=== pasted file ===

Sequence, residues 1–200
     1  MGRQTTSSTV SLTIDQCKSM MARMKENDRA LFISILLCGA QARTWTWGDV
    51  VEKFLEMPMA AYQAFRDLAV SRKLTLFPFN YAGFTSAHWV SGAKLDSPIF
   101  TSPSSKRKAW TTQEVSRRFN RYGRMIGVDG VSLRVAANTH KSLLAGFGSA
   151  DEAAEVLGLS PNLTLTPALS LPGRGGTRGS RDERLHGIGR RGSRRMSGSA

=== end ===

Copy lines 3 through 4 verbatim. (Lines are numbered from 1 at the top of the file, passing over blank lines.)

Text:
    51  VEKFLEMPMA AYQAFRDLAV SRKLTLFPFN YAGFTSAHWV SGAKLDSPIF
   101  TSPSSKRKAW TTQEVSRRFN RYGRMIGVDG VSLRVAANTH KSLLAGFGSA